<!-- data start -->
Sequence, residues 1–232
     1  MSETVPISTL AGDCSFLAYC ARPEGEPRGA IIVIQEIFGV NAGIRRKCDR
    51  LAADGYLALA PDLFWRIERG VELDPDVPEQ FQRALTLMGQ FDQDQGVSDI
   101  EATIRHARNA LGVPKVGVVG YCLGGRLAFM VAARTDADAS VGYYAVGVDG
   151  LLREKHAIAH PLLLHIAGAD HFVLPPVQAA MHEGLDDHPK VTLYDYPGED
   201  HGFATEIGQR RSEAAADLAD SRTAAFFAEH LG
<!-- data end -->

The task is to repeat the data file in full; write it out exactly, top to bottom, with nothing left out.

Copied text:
Sequence, residues 1–232
     1  MSETVPISTL AGDCSFLAYC ARPEGEPRGA IIVIQEIFGV NAGIRRKCDR
    51  LAADGYLALA PDLFWRIERG VELDPDVPEQ FQRALTLMGQ FDQDQGVSDI
   101  EATIRHARNA LGVPKVGVVG YCLGGRLAFM VAARTDADAS VGYYAVGVDG
   151  LLREKHAIAH PLLLHIAGAD HFVLPPVQAA MHEGLDDHPK VTLYDYPGED
   201  HGFATEIGQR RSEAAADLAD SRTAAFFAEH LG